Over just a single decade, fatal crashes linked to aggressive driving rose nearly 500%, jumping from 80 in 2006 to 467 in 2015, according to data from the National Highway Traffic Safety Administration (NHTSA).
In fact, road rage is a factor in more than half of all fatal crashes, according to SambaSafety. Examples of road rage include yelling out the window, rude or obscene gestures, throwing objects, unnecessary horn honking, tailgating, ramming, sideswiping, or forcing a driver off the road.
No matter how experienced and professional, any fleet driver can be prone to aggressive driving and road rage at times. Multiple factors can trigger it — from working long hours, sitting in traffic jams, or dealing with confrontation with other aggressive drivers.
It is up to fleet operators to do all they can to prevent their drivers from making unsafe choices out of anger or frustration. SambaSafety offered the following advice on ways to prevent road rage.
Tip 1: Alleviate stress
Most road rage incidents happen because of already emotionally charged drivers. If your drivers find themselves frustrated or upset, it could prove worthwhile to calm down before choosing to get behind the wheel. Even small factors, such as spilled coffee or a driver not using their blinker, can contribute to heightened stress and emotional levels when a driver is already on edge.
Tip 2: Be on time
Running late is one of the leading reasons given for road rage. Urge your drivers to leave a few extra minutes early to reduce stress levels and encourage safe driving behavior. Padding a schedule with 10 to 15 extra minutes can keep drivers safer on the road.
Tip 3: Don't practice erratic behavior
As a fleet operator, it is up to you to continually remind drivers that certain aggressive driving behaviors won't be tolerated. Remind them never to tailgate, speed, weave in and out of traffic, drive slowly in the left lane out of spite, flash headlights, cut off other vehicles to make a point, yell out the window, or make hostile gestures at other drivers. Courteous behavior while behind the wheel is also safe driving behavior.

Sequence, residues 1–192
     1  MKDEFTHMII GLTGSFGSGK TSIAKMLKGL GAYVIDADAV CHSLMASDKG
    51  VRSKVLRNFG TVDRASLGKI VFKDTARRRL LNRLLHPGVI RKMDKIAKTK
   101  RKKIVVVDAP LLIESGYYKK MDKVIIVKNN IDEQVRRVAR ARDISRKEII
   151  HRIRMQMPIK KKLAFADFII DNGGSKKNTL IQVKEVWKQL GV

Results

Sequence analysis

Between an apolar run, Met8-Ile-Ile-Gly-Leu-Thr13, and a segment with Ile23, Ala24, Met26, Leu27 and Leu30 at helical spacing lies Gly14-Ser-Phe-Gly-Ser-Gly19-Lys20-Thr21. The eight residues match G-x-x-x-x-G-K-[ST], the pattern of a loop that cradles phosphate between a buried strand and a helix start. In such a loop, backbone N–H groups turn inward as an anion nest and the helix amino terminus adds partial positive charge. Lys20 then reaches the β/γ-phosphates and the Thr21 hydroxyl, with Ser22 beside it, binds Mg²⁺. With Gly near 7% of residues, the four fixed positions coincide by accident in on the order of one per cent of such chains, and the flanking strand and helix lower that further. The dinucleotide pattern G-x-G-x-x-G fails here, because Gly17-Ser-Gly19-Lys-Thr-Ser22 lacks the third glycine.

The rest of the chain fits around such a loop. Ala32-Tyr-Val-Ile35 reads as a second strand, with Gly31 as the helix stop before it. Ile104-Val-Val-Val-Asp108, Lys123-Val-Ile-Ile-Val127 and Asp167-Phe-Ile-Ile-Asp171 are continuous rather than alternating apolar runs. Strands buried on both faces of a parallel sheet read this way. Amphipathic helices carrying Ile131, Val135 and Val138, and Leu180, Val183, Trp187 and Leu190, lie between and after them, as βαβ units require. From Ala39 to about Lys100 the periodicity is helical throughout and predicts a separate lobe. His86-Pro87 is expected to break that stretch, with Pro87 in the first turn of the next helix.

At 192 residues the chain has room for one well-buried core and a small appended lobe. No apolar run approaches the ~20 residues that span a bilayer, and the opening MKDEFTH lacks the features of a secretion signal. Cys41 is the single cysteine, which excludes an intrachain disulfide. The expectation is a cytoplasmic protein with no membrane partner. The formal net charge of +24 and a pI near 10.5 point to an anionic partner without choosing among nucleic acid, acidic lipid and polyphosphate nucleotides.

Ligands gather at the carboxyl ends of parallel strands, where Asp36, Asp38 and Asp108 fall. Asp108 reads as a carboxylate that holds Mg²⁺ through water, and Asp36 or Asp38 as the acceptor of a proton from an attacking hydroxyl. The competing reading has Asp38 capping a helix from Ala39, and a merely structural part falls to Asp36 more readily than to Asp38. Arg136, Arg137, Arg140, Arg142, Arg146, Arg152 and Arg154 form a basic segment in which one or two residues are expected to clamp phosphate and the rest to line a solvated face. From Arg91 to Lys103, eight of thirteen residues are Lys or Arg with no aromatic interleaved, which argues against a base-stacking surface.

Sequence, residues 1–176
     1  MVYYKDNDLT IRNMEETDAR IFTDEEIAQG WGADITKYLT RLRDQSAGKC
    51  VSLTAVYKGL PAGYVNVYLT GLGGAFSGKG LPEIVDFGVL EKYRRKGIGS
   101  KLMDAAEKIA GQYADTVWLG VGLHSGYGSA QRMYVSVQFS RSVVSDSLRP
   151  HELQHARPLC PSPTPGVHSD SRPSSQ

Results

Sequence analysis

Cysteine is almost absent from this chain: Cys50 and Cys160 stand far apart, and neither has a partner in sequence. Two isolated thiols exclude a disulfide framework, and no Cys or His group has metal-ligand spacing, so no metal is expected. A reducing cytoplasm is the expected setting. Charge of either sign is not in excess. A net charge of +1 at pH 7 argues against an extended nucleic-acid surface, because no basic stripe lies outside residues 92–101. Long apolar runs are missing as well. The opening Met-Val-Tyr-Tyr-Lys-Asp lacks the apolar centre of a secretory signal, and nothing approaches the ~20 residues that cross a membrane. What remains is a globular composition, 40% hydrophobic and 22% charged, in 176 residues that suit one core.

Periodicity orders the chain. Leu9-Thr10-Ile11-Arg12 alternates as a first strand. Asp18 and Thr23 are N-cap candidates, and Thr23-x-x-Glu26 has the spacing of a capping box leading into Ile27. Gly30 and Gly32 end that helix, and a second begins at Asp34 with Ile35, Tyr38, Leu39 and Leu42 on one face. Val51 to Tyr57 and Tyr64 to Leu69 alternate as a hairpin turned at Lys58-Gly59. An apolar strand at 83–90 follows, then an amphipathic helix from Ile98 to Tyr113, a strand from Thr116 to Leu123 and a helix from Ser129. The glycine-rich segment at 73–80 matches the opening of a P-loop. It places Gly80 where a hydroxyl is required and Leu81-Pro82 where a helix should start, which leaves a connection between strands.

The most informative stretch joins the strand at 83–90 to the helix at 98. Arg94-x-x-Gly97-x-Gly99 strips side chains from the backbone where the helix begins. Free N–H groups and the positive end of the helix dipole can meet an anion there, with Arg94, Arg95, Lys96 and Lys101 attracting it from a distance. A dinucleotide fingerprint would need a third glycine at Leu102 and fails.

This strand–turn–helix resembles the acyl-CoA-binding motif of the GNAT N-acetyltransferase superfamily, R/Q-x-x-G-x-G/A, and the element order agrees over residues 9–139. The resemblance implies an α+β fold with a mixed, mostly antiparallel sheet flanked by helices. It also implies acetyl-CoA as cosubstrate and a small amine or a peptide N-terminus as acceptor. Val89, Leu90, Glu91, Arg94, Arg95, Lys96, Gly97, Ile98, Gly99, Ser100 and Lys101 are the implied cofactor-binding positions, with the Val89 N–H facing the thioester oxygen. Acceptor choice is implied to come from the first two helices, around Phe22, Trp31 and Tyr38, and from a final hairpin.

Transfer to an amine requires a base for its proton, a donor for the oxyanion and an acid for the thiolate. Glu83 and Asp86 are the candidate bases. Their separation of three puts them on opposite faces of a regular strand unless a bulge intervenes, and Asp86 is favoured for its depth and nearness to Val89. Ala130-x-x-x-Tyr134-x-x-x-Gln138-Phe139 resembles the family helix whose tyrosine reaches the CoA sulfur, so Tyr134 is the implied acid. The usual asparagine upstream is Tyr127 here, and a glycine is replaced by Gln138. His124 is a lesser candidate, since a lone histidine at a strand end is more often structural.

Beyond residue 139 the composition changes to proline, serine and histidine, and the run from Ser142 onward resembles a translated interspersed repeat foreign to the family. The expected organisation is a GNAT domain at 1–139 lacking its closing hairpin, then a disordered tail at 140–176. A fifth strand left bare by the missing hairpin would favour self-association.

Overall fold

Tip 4: Don't engage with hostile drivers
Other aggressive drivers can prompt your driver to respond and escalate the situation — which can result in a deadly accident. Instead, make sure your safety policy encourages drivers not to engage with hostile drivers. They should do their best to ignore and avoid aggressive drivers by slowing down, changing lanes, or even exiting the highway. Also, remind your drivers to avoid eye contact with aggressive drivers, even if the aggression is aimed directly at them.
Tip 5: Provide frequent driver training
Driver training is a proven method of reducing crashes and violations related to road rage. Fleets who train monthly have far fewer overall violations — 25% less than the industry average and 50% less than fleets that train twice a year, according to SambaSafety.
Training can teach drivers about what causes road rage, how to handle specific situations safely, and boost crucial defensive driving techniques.
Originally posted on Automotive Fleet